Over its lifetime, Germanwings mostly operated Airbus aircraft models. For a brief period, i.e., between 2004 and 2005, it used two Boeing 717-200s leased from Aerolineas de Baleares. Likewise, it leased one McDonnell Douglas MD-81, one MD-83 from Nordic Airways, and one Douglas MD-82 from FlyNordia in 2007.
Across its 2-decade history, Lufthansa’s low-fare subsidiary flew 50 Airbus A319-900s and 26 Airbus A320-200s. Introduced in 2002, the Airbus A319 operated the flights for 18 years until 2020. The European narrowbody aircraft also operated flights for Eurowings Groups between 2015 and 2020.
Flight 9525 crash
Lufhansa’s low-cost carrier Germanwings had an excellent safety record until one copilot deliberately crashed an Airbus A320-211 aircraft in 2015. The 24-year-old A320-211 (D-AIPX), performing Germanwings Flight 9525, carried 144 passengers and six crew from Barcelona El-Prat to Dusseldorf. Assuming the aircraft’s control was the pilot in command, Patrick Sondenheimer, and copilot Andreas Gunter Lubitz.
34-year-old Captain Patrick had racked up 6,000 flight hours over his ten years of experience. The 27-year-old copilot Lubitz had accrued 630 flying hours and joined airlines as a first officer in June 2014. During his pilot training in Bremen, he was hospitalized for a severe depressive episode. After nine months of rest, he returned to his flight school and later moved to the US for additional training.
On the fateful day of 24 March 2015, a total of 150 people died due to suicide by the copilot. Despite being declared unfit to fly by the doctor for his suicidal tendencies, the copilot still reported for duty. Shortly after reaching the cruise altitude of FL380 at 10:27, the captain left the cockpit to use the toilet. That’s when Lubitz locked the cockpit door and changed the flight control unit’s selected altitude to 100ft.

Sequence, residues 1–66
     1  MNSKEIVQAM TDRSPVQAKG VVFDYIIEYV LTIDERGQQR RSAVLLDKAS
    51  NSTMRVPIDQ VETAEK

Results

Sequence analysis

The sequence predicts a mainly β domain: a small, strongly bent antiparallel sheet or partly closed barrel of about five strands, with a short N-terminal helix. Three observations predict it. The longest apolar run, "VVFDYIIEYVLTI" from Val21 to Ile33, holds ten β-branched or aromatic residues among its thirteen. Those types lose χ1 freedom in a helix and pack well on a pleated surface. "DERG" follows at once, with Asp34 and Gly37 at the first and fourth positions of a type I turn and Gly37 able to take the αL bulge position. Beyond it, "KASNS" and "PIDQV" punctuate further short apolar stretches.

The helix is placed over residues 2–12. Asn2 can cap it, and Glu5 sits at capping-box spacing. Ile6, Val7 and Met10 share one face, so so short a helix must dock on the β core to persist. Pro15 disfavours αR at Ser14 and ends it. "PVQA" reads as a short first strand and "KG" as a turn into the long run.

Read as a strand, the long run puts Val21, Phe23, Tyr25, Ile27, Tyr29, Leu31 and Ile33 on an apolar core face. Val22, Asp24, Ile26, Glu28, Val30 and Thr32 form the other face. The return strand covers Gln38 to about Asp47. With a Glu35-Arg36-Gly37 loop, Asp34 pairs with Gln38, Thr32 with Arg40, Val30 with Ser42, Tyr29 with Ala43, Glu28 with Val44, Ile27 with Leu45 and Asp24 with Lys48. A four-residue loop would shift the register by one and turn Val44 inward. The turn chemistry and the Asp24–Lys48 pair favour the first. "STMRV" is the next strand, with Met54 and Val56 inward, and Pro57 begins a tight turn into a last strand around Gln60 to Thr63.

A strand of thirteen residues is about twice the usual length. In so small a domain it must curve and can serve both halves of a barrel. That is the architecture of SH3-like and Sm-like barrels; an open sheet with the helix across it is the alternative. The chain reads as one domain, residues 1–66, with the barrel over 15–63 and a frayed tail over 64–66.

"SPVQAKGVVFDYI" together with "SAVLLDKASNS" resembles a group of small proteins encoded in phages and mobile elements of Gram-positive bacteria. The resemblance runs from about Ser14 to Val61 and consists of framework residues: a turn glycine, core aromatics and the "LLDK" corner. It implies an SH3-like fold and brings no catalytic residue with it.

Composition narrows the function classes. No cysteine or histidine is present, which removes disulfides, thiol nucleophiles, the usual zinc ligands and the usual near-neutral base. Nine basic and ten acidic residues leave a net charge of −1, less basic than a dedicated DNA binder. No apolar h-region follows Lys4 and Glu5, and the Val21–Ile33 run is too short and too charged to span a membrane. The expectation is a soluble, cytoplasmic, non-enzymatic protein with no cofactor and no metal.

Captain Patrick put in a code to unlock the door, but the copilot disabled the lock’s code panel using cockpit controls. He requested re-entry, knocked, banged, and attempted to break in but to no avail. The depressed copilot initiated a controlled descent by setting the autopilot to 100ft (30m) and then accelerated the aircraft’s speed. The plane descended at around 3400ft/ min and hit a mountainside near Prads-Haute-Bleone, France.
All passengers and crew aboard Flight 9525 died due to the deliberate and planned action of the copilot, who was experiencing a mental disorder with psychotic symptoms.